ARKANSAS, USA — For a lot of Arkansans, they are boarding their vessels to beat the heat.
But a big issue for businesses along the Arkansas River are people are who not following the law by driving too fast.
“So mostly right now, we are running into issues of motorboats who are going way too fast,” JoAnn Camp, owner of SUP501, said.
She has been a yoga instructor for seven years and teaches her classes on the Little Maumelle River.
“With paddleboard yoga we are all anchored, usually I have 8 to 12 people out,” Camp said.
She said the waves from the watercrafts that are traveling at a high rate of speed have made things more dangerous because the vessels create ripples in the water.
“I have a lot of friends that do paddle boarding with their dogs and the waves will throw their dog into the water and so it's just safety for everybody out here,” Camp said.
During her sessions, she said it usually happens at least twice, causing she and her class to become scared and confused.
“It's very life-threatening for everyone involved. If they are going too fast and they can't see us, especially at dusk, that can be challenging for both parties,” Camp said.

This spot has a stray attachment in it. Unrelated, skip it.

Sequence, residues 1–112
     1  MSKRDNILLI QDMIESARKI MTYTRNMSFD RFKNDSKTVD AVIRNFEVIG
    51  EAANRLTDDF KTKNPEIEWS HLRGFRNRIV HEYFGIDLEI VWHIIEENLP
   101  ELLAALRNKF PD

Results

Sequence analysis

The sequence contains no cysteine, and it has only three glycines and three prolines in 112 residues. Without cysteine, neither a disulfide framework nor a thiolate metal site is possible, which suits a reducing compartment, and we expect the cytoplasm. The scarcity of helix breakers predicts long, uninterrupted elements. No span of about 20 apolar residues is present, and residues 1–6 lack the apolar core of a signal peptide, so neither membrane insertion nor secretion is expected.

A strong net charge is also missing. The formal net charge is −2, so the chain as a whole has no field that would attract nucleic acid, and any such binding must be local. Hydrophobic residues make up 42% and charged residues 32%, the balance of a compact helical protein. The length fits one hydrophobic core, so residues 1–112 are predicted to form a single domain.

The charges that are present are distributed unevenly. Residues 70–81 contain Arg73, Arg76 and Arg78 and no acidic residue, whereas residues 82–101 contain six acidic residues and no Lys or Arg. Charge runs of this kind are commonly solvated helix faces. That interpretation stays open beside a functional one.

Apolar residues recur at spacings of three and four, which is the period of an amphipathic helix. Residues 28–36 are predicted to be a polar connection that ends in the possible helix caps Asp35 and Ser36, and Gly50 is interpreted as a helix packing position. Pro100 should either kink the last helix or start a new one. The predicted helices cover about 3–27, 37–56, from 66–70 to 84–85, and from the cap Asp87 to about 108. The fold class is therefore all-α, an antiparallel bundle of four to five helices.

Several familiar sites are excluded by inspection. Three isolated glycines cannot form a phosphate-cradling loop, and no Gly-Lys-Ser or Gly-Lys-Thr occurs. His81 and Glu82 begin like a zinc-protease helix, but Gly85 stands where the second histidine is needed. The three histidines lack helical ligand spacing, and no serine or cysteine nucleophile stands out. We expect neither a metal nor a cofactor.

Joe Huggins, Hunter and Boating Education Coordinator for Arkansas Game and Fish said some areas on lakes and rivers in Arkansas are designated as “no wake” zones.
“And that's where the boat has to slow down to a speed of less than five miles an hour,” Huggins said.
When boaters are within 100 feet of things like other water vessels or objects on the river, he said that operators are required by law to reduce the speed of their craft.
“Those waves can cause property damage. There's usually some type of obstacle around, there might be a recreational area, a swim area,” Huggins said.
A person that is operating a boat is responsible for any damages or personal injuries they may cause.
The Arkansas Game and Fish said they give citations for people who break the “no wake” zones.